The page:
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Impacts of Connected and Autonomous Vehicle Technology on State DOTs: Home

Impact of New Technology

As connected and autonomous vehicle (CAV) technology moves from the realm of research to integration into real-time traffic, state DOTs must work to develop policies and strategies that will be able to address the organizational, societal, legal and infrastructure impacts of the new technologies.  This guide looks at current resources dealing with these issues, beginning with research and work done by other states, and including information on current RiP projects and federal reports.  Other articles and reports come from academic institutions, journals (full-text and subscription),  research centers, and international studies.

Recognition of the need to plan for implementation and deployment of CAV technology is widespread, as evidenced by the large number of projects addressing aspects of these issues.  The work will be ongoing as states continue to introduce new ways for vehicles to communicate with each other and the infrastructure.

Hovering over the title will reveal a brief description of the resource, and most titles will link to full-text materials.  Those that do not can be obtained by the library through interlibrary loan. The LibGuide platform is provided through the FHWA Pooled Fund Study TPF 5(237), Library Connectivity and Development, and the Western Transportation Knowledge Network (WTKN).

Connected/Autonomous Vehicle Terms & Definitions

Connected vehicles use communication technologies to communicate with:

  • the vehicle's driver
  • other cars on the road - vehicle-to-vehicle (V2V)
  • roadside infrastructure - vehicle-to-infrastructure (V2I)
  • the "Cloud"

Fully autonomous vehicles are defined by the U.S. Department of Transportation's National Highway Traffic Safety Administration (NHTSA) as “those in which operation of the vehicle occurs without direct driver input to control the steering, acceleration, and braking and are designed so that the driver is not expected to constantly monitor the roadway while operating in self-driving mode.”.  The NHTSA has established five levels of vehicle automation:

  • No-Automation (Level 0): The driver is in complete and sole control of the primary vehicle controls – brake, steering, throttle, and motive power – at all times.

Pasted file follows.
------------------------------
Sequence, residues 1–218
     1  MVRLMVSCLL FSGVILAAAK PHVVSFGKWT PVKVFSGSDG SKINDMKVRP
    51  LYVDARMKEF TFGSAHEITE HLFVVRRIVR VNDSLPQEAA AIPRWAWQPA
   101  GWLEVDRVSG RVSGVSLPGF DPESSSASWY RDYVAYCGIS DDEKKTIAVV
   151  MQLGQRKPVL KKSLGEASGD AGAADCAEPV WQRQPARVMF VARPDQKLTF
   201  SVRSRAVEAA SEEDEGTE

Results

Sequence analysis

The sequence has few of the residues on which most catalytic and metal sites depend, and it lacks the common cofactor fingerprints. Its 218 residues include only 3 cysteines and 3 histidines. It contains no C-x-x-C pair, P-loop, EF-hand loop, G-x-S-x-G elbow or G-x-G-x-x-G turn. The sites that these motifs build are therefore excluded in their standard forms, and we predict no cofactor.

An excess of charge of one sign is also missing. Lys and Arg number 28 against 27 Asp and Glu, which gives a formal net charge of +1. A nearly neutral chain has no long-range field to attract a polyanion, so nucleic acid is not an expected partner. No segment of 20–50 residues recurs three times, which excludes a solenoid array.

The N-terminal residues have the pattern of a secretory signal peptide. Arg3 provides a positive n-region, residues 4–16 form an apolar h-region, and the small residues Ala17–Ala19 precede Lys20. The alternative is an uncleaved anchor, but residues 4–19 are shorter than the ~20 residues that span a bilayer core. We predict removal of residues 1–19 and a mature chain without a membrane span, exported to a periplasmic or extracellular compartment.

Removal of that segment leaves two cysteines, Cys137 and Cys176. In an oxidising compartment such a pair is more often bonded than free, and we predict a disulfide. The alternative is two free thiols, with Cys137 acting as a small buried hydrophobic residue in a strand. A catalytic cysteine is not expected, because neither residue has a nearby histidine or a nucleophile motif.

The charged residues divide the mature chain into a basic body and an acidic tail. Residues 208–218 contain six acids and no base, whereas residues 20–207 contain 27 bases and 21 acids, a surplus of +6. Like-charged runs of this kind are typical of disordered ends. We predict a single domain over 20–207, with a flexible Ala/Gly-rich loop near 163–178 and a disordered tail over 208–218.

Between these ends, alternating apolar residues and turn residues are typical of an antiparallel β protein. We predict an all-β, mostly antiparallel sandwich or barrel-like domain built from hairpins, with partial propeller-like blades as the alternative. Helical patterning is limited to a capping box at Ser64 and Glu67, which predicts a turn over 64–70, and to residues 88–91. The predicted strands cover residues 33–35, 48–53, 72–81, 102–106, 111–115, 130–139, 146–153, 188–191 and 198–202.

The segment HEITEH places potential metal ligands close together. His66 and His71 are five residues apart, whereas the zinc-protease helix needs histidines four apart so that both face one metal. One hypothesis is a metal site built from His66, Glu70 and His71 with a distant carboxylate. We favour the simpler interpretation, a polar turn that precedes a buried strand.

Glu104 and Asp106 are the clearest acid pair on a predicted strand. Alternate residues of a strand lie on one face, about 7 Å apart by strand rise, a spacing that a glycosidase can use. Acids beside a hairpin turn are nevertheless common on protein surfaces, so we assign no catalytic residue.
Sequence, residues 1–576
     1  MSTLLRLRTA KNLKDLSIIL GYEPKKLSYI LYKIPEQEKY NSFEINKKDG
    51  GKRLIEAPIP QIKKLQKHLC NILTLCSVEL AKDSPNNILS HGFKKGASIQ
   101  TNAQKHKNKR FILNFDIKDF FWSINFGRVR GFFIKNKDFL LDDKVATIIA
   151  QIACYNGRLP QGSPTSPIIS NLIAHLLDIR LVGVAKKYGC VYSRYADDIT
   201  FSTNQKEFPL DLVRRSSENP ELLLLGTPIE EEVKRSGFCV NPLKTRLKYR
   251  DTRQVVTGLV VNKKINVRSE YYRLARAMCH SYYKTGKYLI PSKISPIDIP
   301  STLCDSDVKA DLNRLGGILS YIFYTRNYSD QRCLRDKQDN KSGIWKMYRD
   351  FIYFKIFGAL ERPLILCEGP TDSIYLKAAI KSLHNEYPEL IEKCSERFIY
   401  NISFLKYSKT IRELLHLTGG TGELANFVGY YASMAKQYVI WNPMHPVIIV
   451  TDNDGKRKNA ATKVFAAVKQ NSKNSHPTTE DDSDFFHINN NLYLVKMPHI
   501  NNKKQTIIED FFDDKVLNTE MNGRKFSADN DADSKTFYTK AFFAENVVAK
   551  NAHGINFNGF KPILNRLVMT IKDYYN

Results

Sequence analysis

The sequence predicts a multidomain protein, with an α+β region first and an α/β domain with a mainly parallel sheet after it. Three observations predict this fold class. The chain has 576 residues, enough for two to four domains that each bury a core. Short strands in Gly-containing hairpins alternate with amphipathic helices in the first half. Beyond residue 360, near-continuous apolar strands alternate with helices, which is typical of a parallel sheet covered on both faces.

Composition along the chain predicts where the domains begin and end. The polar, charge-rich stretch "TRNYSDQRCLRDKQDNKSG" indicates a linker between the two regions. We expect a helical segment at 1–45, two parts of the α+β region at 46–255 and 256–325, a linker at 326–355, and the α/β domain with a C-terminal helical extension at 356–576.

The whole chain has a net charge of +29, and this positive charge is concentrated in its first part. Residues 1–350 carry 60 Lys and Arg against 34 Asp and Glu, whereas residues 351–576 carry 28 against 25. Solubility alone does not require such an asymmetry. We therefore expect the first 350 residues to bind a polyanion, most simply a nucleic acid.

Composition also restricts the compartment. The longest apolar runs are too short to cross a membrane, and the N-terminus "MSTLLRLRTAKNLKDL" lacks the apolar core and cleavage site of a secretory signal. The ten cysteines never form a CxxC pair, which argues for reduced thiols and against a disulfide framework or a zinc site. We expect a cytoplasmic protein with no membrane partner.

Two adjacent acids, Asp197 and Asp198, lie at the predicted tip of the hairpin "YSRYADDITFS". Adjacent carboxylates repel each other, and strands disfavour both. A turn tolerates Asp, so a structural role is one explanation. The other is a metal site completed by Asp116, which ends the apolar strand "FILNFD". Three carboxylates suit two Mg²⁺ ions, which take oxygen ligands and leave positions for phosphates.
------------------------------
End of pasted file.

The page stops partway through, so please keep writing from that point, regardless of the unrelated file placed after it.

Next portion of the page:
• Function-specific Automation (Level 1): Automation at this level involves one or more specific control functions. Examples include electronic stability control or pre-charged brakes, where the vehicle automatically assists with braking to enable the driver to regain control of the vehicle or stop faster than possible by acting alone.
  • Combined Function Automation (Level 2): This level involves automation of at least two primary control functions designed to work in unison to relieve the driver of control of those functions. An example of combined functions enabling a Level 2 system is adaptive cruise control in combination with lane centering.
  • Limited Self-Driving Automation (Level 3): Vehicles at this level of automation enable the driver to cede full control of all safety-critical functions under certain traffic or environmental conditions and in those conditions to rely heavily on the vehicle to monitor for changes in those conditions requiring transition back to driver control. The driver is expected to be available for occasional control, but with sufficiently comfortable transition time. The second-generation Google car is an example of limited self-driving automation.
  • Full Self-Driving Automation (Level 4): The vehicle is designed to perform all safety-critical driving functions and monitor roadway conditions for an entire trip. Such a design anticipates that the driver will provide destination or navigation input, but is not expected to be available for control at any time during the trip. This includes both occupied and unoccupied vehicles. The third-generation Google car is an example of full self-driving automation. Vehicles with level 4 automation may also be referred to autonomous vehicles.

Note: Vehicles with automation levels above 3 must also incorporate connected vehicle technologies.

Vehicle to Vehicle Technology

Contributors to this Guide

Tony Knudson
ODOT Research Coordinator



Laura Wilt
ODOT Librarian


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Amanda J. Carter
555 13th St NE
Salem, OR 97301

FHWA Pooled Fund Study TPF-5(237)


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